[from theglobeandmail.com | thanks Anne!]
It’s not easy getting a straight answer out of Eddie Izzard. And we wouldn’t have it any other way.
Izzard was in town recently, in advance of an extensive Canadian comedy tour that begins on Friday at Toronto’s Massey Hall. Asked about fellow comedian Craig Ferguson, he perks ups. Says they’re old friends, that they go way back. Oh, really? How far back do you go? “Oh, just right down there, across the road,” he says from a hotel bar, motioning out the window from his corner booth. “Just past the Starbucks. That’s how far we go back.”
Somewhat incidentally, a couple of days later, I’m talking with Ferguson. When the subject of Izzard comes up, the Scottish-American talk-show host, who played Massey last week, says something identical. “Oh yeah, Eddie and I, we go way back.” Funny you should say that, because Eddie told me exactly the same thing, that the two of you go back a ways, up the street, over by the coffee shop. “Oh, no,” Ferguson corrects, “we go further back than that.” Really? How far? “Past the coffee shop, well down the street, closer to the massage parlour,” he says.
I think I have it now. But if I don’t, almost everything about Izzard is answered by Believe: The Eddie Izzard Story, the new documentary about his persevering, roundabout life. It starts in South Yemen (down the street, past the goat shop), where Izzard’s father was based as an official with British Petroleum. The comedian’s life story, spliced with bits of his 2003 Sexie tour, is laid out: the boarding schools, the youthful fascination with football, a stint at Sheffield University, street performing, stand-up success in London and Europe – he answers “Oui” to “Parlez-vous français?” – and then the United States, transvestitism, 1999’s Emmy-winning HBO special Dressed to Kill (with funny bits on Hitler and Humperdinck), Hollywood acting roles (Ocean’s Twelve, Ocean’s Thirteen and the celebrated Mr. Kite in Julie Taymor’s Across the Universe), the controversy involving reusing his old stand-up material, political aspirations and a string of marathon runs for charity.
Which brings us up to date. Izzard, a stream-of-consciousness surrealist with a savvy sense of history, brings his Stripped Too tour to Canada, the “stripped” referring to possibly more than one thing. He is stripped of his fake breasts and glittering dresses for one thing. “I’m in boy mode, as opposed to girl mode,” says the straight transvestite, blazingly blue-eyed, in jacket and jeans. “But really, it’s about the stripping away of ideas.”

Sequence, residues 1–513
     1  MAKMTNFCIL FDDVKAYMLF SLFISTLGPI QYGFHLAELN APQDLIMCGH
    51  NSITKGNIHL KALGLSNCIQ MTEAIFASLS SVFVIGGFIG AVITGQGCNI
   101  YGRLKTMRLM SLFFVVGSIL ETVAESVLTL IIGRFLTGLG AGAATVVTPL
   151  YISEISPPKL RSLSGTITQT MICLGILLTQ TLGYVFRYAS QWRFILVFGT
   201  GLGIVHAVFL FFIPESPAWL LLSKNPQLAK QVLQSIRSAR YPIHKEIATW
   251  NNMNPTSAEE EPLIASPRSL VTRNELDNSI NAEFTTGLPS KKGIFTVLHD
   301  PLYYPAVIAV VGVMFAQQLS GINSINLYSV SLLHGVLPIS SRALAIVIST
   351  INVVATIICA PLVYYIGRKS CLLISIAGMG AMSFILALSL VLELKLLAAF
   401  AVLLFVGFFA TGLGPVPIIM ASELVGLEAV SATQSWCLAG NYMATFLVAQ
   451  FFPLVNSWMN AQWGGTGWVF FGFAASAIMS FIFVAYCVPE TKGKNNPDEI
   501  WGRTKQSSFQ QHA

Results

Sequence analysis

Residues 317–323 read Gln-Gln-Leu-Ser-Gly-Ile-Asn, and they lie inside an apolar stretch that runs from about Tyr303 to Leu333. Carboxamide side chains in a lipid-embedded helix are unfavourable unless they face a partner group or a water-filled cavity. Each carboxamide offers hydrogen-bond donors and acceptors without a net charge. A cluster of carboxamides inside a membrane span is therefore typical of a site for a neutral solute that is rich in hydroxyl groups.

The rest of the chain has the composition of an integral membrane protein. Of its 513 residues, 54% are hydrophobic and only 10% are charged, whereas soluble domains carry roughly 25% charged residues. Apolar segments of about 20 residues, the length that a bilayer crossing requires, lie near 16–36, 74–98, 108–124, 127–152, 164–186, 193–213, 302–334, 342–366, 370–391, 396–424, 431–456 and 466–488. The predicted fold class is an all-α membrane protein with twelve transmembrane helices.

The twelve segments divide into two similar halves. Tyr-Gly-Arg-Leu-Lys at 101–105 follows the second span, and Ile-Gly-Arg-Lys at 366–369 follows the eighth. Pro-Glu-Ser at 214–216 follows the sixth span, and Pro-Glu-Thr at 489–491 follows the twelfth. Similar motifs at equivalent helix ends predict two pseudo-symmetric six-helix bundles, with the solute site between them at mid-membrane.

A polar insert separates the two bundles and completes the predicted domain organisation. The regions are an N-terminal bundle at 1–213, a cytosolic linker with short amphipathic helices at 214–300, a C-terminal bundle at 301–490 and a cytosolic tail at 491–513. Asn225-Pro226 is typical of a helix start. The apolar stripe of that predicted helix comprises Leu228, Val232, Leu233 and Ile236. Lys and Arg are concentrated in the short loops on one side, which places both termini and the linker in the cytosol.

Izzard does a sort of witty Monty Python version of stand-up. For example, he mashes Charles Darwin and Charles Dickens into a single author who wrote Great Expectations, about an amoeba named Pip. “Yes, Darwin and Dickens,” Izzard muses during our interview, “lived in Dictionary Lane, a couple of vowels away from each other.”
In a basic way, Izzard is like most comedians, using humour in an attempt to make sense of it all. “I look for logic in the universe,” the self-described spiritual atheist says on the subject of religion. “Take the Bible. I think the first part of it should be that the Earth is round – just to give everybody a heads up on the whole ‘Earth is round’ thing.”
There has been a lot of that lately – comedians rationally (if humorously, absurdly) reconsidering religion, from Bill Maher’s film Religulous to Lewis Black’s book Me of Little Faith. But isn’t bringing logic to faith a little like taking a gun to a knife fight? “Faith can be great,” Izzard answers. “But there needs to be common-sense logic too. You look at the Bible or the Koran, you’d think they’d take the slavery out of it. Even the popes, when they were losing some of the gospels down the back of the sofa, you’d think they say to themselves, ‘Let’s get rid of this slavery stuff.’ I mean, how to sell your daughters – somebody’s going to notice that.”
In the film Believe, a younger Izzard is shown with a map, with tiny pins and flags noting his comedic achievements. A keen student of military history, he plotted his comedic profession as if it were an army campaign. I ask him, then, what battle epitomizes his career – Operation Market Garden, the Second World War operation that inspired the star-studded movie A Bridge Too Far? “No, not Market Garden,” he answers. “There’s no bridge too far in my world.”
Apparently not. His fascination with the military inspired his recent run of more than a thousand miles through Britain for charity. “When I was younger, I wanted to be in the British Special Forces,” he says. “Running around the country was a test – could I have been in the army?”
At the end of our zigzagging interview, I attempt to pin down Izzard, a man of segues. “Who are you?” I ask in my best Barbara Walters way. Izzard pauses, just a little, before replying: “I’m a British European. I think like an American. I was born in an Arabic country. I’m a stand-up comedian and an actor. And I do a bit of running, and I plan to run for Parliament. I think that about covers it.”
Ask a simple question.
Eddie Izzard’s Stripped Too plays Toronto’s Massey Hall Friday and Saturday (and again on May 30 and 31); Winnipeg, May 10; Regina, May 12; Calgary, May 14; Edmonton, May 17; Victoria, May 20; Vancouver, May 21 and 22; Montreal, May 25; and Ottawa, May 28.